Anyone who loves music knows how therapeutic it can be, and now researchers have shown that a good melody may have the same affect on cats. But they think our human-tunes suck.
To work out whether cats could respond to music, scientists from the University of Wisconsin, Madison, and the University of Maryland, both in the US, composed 'cat-centric music'.
"We looked at the natural vocalisations of cats and matched our music to the same frequency range, which is about an octave or more higher than human voices," lead author Charles Snowdon told Jennifer Viegas for Discovery News.
In human music, the drumbeat often mimics our heartbeat, and so in the cat music, the team instead replicated the tempo of things that cats would find interesting - one song featured a purring tempo, and another featured a suckling tempo.
"And since cats use lots of sliding frequencies in their calls, the cat music had many more sliding notes than the human music," Snowdon told Viegas. You can hear the results, Spook's Ditty, Cosmo's Air and Rusty's Ballad, over at the team's website 'Music for Cats', and trust us, they don't sound as bad as you're imagining.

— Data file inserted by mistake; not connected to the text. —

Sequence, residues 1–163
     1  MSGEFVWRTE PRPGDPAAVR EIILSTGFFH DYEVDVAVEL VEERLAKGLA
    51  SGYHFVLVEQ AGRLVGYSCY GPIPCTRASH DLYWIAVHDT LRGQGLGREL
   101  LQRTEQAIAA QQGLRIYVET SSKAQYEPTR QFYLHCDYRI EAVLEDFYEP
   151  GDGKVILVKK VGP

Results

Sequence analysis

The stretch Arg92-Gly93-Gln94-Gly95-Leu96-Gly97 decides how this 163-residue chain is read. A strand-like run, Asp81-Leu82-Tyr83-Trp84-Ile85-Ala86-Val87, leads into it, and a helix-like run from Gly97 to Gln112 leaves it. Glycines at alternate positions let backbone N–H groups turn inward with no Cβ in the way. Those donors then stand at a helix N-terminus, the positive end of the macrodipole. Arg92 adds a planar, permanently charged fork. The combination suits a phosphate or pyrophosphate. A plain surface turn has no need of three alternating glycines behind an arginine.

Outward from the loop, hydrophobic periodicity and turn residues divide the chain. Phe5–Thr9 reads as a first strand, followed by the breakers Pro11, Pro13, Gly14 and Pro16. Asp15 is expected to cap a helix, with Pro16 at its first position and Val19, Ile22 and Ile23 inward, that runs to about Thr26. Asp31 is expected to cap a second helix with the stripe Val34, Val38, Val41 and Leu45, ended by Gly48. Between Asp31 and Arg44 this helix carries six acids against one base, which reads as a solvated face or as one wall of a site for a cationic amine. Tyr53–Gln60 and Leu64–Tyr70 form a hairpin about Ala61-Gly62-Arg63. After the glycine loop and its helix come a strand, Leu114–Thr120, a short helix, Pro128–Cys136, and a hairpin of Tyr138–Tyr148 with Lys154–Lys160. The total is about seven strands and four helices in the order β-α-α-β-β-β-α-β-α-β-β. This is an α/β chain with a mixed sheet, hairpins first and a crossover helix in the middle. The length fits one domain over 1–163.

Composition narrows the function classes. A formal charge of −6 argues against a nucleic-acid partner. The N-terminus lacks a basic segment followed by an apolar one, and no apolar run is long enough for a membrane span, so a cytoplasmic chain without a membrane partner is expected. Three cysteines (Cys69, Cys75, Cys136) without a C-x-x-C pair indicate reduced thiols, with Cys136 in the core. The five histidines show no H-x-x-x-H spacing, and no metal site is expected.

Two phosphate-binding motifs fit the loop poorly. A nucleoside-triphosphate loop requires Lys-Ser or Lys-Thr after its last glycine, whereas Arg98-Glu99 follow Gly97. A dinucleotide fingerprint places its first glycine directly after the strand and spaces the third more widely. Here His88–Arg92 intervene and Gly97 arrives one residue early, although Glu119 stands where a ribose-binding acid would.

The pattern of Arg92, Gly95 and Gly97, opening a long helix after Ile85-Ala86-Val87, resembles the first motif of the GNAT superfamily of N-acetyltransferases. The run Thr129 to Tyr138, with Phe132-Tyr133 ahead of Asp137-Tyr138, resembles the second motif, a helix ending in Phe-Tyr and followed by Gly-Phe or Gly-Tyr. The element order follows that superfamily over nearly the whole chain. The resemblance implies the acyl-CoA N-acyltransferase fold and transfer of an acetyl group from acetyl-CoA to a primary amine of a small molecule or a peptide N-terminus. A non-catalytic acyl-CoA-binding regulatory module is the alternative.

In the study, the cat songs were played back to 47 domestic cats, and the researchers watched how the felines reacted compared to when they listened to two classical human songs - Johann Sebastian Bach's Air on a G String and Gabriel Fauré's Elegie.
Publishing in the journal Applied Animal Behavioural Science, the team reports that the cats didn't respond at all to the human music. But when the cat music started up, they became excited and started approaching the speakers, often rubbing their scent glands on them, which means they were trying to claim the object.
While composing music for cats may sound like a joke (the pointless kind, not the haha kind), the research could offer new ways to keep cats calm in shelters, boarding homes and vets
As the researchers write in the journal article: "The results suggest novel and more appropriate ways for using music as auditory enrichment for nonhuman animals."
But beyond the therapeutic affects, the research also provides fascinating insight into the species-specificness of melodies. One of the co-authors, David Teie, has previously shown that tamarin monkeys also respond differently to music that's been specially composed for them. The team now hopes that their study will provide the framework to compose melodies for more species.
As they write on their website: "A hundred years from now people will have to be taught that music was once available only to humans."
We wonder if, a hundred years from now, we'll also have managed to brutalise cat music with autotune.